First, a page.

Like most people, a video game set me on my career path.
Just kidding. That’s probably not like most people, but it’s what I did (and I can’t be alone in that).
I played a game called EverQuest. Within that game was an active fan art community, which I became a part of. By learning how to create digital art for my EverQuest character, I was able to find something that I truly enjoyed doing and was hopeful I could find a way to design for a living.
And thus, I went on to pursue graphic design,
I also picked up some valuable lessons from my EverQuest days, which has helped me throughout my career so far.
It’s ok to draw inspiration from yourself.
If using my personal interest in a game to draw inspiration for my career path doesn’t qualify this statement, I don’t know what will. But, I have literally found inspiration for website designs and blog posts by simply looking at my own interests.
Concept development was never my strong suit. While others in my college design classes were able to come up with whimsical ideas for their projects with seemingly very little effort, I really struggled in this area.
However, looking at an assignment from the perspective of my own interest in a topic has helped me with this process. If I have a question about a product or service, I think it’s safe to say others do as well.
When designing a website, I’ll think about what I would like to know first about a product or service and go from there. I understand that not everyone is going to want to know the same things I want to know, or in the same order. But, this gives me a helpful jumping point when planning how content is delivered to a viewer.
Similar to developing a blog post. I think about the products or services and the overall goals of the business. Then I think, “what do I want to know about this?” This allows me to decide on a topic and begin my research.
Do everything with a purpose.
When I started making EverQuest fan art, I had some raw artistic talent, but I had no idea what the fundamentals of design were.
I felt limitless in my “creativity.” Adding elements to my work just because I thought it looked cool. What I didn’t consider at the time was that anything you add to a piece should have a reason for being there.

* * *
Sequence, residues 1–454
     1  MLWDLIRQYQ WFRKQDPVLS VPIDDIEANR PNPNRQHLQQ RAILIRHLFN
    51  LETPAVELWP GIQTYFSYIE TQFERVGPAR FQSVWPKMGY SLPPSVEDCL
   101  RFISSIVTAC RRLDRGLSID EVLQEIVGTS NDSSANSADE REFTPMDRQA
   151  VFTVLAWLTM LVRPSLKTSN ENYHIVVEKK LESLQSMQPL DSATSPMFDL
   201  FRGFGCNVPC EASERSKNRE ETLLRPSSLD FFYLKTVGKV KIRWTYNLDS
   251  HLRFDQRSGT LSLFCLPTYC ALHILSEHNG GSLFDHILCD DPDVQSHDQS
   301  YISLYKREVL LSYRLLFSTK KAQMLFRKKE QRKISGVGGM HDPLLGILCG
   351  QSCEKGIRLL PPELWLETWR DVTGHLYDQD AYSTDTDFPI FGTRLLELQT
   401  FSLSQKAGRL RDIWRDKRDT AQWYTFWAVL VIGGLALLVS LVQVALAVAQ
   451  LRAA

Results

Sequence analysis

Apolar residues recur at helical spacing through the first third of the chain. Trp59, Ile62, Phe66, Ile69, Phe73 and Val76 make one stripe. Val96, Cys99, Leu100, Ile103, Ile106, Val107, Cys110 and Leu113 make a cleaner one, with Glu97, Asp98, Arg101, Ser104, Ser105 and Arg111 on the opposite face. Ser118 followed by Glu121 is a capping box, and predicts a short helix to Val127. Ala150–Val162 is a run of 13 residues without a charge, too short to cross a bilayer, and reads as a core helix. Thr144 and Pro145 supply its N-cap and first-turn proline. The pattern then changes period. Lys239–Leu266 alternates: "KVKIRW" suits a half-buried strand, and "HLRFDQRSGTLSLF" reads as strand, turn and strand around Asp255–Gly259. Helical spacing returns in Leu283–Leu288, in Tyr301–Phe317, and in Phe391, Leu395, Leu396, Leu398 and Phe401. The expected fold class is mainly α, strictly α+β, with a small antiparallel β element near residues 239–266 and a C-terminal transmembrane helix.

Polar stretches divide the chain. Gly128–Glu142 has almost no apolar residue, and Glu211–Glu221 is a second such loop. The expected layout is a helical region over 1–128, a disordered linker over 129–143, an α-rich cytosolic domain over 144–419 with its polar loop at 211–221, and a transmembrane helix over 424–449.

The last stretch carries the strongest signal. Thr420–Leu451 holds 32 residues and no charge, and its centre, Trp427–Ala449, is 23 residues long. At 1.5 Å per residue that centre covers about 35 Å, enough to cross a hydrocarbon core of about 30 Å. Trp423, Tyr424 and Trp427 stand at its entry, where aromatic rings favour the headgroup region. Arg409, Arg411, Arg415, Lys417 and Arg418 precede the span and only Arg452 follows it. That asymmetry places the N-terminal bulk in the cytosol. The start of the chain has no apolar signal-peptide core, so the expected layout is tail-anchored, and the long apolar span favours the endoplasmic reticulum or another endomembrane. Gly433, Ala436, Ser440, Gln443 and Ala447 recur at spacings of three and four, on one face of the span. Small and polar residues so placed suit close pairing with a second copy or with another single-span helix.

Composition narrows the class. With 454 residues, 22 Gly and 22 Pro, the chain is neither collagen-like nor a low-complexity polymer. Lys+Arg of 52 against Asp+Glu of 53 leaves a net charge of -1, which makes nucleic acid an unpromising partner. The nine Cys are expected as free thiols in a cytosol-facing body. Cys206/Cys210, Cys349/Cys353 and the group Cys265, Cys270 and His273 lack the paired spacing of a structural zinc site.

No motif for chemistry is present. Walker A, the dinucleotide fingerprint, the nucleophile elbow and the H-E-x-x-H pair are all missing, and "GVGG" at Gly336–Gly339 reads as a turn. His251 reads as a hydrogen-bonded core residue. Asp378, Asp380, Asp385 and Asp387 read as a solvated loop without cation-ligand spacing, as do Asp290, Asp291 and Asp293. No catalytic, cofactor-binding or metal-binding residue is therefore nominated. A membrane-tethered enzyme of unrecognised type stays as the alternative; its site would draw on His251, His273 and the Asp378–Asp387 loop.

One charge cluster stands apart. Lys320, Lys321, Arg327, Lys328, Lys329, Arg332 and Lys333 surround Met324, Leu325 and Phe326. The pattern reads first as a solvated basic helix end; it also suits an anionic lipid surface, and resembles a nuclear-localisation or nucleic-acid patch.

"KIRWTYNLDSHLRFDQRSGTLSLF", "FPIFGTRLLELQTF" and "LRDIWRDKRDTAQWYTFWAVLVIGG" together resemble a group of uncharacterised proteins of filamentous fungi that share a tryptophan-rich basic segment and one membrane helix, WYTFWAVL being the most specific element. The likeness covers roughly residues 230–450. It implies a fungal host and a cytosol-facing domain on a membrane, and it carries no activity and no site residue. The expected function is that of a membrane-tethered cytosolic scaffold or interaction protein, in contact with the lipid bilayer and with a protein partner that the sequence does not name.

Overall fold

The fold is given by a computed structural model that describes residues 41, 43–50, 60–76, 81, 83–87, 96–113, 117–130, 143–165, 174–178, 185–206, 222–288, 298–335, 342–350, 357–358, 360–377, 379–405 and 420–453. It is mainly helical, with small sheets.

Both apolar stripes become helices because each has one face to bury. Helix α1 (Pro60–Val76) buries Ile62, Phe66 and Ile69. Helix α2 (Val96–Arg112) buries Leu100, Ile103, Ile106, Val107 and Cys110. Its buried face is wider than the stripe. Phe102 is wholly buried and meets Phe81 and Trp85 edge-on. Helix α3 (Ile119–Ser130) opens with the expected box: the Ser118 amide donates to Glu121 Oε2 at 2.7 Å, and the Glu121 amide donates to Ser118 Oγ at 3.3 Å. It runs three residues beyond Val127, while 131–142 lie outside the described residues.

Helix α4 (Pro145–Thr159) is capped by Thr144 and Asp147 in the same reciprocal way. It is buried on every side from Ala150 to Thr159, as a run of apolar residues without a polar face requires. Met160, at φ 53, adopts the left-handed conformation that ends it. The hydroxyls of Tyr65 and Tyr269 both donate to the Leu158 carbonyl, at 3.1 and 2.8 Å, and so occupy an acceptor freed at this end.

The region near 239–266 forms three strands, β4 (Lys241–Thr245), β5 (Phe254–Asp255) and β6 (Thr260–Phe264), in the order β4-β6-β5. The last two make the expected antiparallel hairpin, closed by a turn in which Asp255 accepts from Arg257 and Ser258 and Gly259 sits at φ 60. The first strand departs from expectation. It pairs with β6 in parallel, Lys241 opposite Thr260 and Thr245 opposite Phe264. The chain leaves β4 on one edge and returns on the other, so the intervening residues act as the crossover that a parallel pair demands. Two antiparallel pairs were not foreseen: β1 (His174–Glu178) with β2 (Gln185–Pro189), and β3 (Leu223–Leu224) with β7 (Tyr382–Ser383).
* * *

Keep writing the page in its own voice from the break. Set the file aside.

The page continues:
Because of this, I often felt less creative after I started college and was taught basic art and design fundamentals. I’m a rule follower to a fault sometimes, and my creativity took a hit when I was inundated with what my instructors wanted to see.
Eventually, I felt more comfortable creating pieces that fell just outside of the guidelines we used in school. To bring back a little bit of my EverQuest spunk.
I became comfortable with adding some personal flair to a design piece. Or, writing conversationally instead of formally. All without feeling like I was breaking a rule.
I’ve learned to trust my own personal style and become a more confident creator, so long as I do everything with a purpose.
Teamwork and collaboration will make you a better writer and designer.
I love collaborating with a team. Problem-solving with a group is my ideal working situation. However, group projects in college really sucked and honestly, taught me nothing about collaboration.
EverQuest taught me just about everything I needed to know about letting go and trusting your team. To get anything accomplished in that game, you had to be in a group and everyone had to do their part to succeed.
I truly believe that the success of the group outweighs the success of the individual.
When working on a team, you get the benefit of hearing other ideas, as well as having people help you develop your ideas. I find this process to be very rewarding.
Playing a silly video game taught me a lot about who I am creatively and professionally. While I haven’t played in years, it is a part of me that I look back on a reference frequently in my career.